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    MENC: The National Association for Music Education
  •   Teachers Guide
    Extension Activities: Episode One

    Extension Activities for Episode 1:

    The Vision of the Tailfeather Woman

    A Round Dance

    The Polka

    "Red-Headed Swede"

    "Sail Away, Ladies"

    Rock Drum Patterns

    "Kim Marie" chords

    "Sail Away"--Latin

    Bix and Rhythm

    After completing the introductory activities, use these extension activities to reach your curricular goals--and to have some fun! Some are designed for use as part of your daily lesson planning; some activities are better used as activities in which the student logs directly onto the internet for sound files and other enhancements. You will find these lessons and activities all listed in the activity index to this site. For some of these activities, you will need to consider purchasing the Smithsonian Folkways Recordings 2-CD set that goes with the program. This can be a useful resource, in particular, for those teachers who want to explore more deeply the musical styles introduced by the program.

    "The Vision of the Tailfeather Woman"

    Objective: The students will understand the importance of the drum and drumming in the cultural context of Native American, specifically Ojibwe, culture.
    • Story (below)
    • (Program 1, 04:05)
    • Chippewa Nation (profile of the musical group with discography and audio/video clips)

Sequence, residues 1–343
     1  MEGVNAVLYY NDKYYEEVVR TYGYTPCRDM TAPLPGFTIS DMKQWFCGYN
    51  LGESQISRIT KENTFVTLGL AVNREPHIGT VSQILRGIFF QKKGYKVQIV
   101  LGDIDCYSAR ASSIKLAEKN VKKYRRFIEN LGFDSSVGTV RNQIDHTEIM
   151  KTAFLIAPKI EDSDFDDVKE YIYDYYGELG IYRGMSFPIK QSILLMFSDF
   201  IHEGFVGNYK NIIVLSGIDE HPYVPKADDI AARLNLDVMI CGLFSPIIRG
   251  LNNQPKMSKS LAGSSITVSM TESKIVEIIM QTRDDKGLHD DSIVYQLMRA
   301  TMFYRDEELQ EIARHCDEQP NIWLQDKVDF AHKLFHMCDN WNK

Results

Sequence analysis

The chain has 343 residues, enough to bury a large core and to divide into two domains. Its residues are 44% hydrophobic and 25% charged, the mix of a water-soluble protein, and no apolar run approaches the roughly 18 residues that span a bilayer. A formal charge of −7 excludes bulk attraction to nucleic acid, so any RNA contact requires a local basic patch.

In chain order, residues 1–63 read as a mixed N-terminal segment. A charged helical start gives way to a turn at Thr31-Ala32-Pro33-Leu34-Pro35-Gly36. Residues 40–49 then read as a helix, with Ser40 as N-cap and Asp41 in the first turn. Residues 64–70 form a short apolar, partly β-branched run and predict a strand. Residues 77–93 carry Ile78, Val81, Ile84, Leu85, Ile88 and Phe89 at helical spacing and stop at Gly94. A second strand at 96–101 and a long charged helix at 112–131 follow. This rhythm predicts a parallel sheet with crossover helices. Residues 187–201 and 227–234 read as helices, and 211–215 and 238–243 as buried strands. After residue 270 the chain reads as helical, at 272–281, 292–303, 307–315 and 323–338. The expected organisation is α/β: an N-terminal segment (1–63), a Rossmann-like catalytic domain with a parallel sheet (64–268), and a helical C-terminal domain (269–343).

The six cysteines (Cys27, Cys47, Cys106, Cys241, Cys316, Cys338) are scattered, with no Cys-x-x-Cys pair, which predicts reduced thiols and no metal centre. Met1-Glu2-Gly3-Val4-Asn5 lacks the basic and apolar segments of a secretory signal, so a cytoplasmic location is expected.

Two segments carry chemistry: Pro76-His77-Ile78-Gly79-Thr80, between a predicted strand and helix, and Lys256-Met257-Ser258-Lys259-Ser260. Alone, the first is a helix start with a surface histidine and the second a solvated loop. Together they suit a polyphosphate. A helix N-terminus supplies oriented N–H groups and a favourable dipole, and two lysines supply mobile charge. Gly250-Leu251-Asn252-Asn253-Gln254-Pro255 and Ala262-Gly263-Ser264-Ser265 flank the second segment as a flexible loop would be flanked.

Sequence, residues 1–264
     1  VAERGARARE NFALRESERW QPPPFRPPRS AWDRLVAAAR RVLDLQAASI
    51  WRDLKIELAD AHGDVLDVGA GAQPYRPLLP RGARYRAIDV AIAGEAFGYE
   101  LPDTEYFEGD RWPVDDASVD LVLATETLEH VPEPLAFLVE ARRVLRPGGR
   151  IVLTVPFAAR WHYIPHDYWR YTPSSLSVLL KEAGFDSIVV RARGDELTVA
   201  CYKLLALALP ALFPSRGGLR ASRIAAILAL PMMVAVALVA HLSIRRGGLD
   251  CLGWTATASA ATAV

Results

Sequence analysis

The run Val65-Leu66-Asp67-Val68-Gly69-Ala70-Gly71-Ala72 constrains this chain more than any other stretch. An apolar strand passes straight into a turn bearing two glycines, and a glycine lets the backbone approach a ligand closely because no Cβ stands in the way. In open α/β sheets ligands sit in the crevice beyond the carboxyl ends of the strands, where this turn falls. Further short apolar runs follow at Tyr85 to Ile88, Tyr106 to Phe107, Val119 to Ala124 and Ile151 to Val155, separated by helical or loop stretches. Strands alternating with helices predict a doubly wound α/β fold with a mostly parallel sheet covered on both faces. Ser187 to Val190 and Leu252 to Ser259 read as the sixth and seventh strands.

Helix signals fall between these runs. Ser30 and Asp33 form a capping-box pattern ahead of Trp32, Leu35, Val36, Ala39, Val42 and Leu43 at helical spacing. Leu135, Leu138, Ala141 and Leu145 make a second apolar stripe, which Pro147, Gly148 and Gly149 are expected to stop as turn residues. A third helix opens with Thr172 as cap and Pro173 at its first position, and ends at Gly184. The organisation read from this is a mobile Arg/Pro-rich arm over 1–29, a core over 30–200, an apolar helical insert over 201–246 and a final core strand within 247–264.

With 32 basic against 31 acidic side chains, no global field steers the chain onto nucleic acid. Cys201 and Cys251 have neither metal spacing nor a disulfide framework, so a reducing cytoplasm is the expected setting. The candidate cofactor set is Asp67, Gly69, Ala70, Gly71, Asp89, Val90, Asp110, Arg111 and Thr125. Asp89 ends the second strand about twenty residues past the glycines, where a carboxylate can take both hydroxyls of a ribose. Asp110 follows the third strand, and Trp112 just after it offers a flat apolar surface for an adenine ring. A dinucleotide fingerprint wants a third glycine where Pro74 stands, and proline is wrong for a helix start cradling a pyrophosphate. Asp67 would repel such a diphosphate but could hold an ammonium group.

• Listen to the segment on the Ojibwe (Program 1, 04:05)
    • Read the story to the class.
    • After reading, review the important points in the story.
    • Discuss the importance of drums and drumming to Native Americans.
    • Optional: Dramatize the story, with some pantomiming the action as others read. Accompany the story with drums.

    The Vision of Tailfeather Woman

    Here is the story of the beginning of the ceremonial powwow drum. It was the first time when the white soldiers massacred the Indians when this Sioux woman gave four sons of hers to fight for her people. But she lost her four sons in this massacre and ran away after she knew her people were losing the war. The soldiers were after her but she ran into a lake. She went in the water and hid under the lily pads. While there, the Great Spirit came and spoke to her and told her, "There is only one thing for you to do."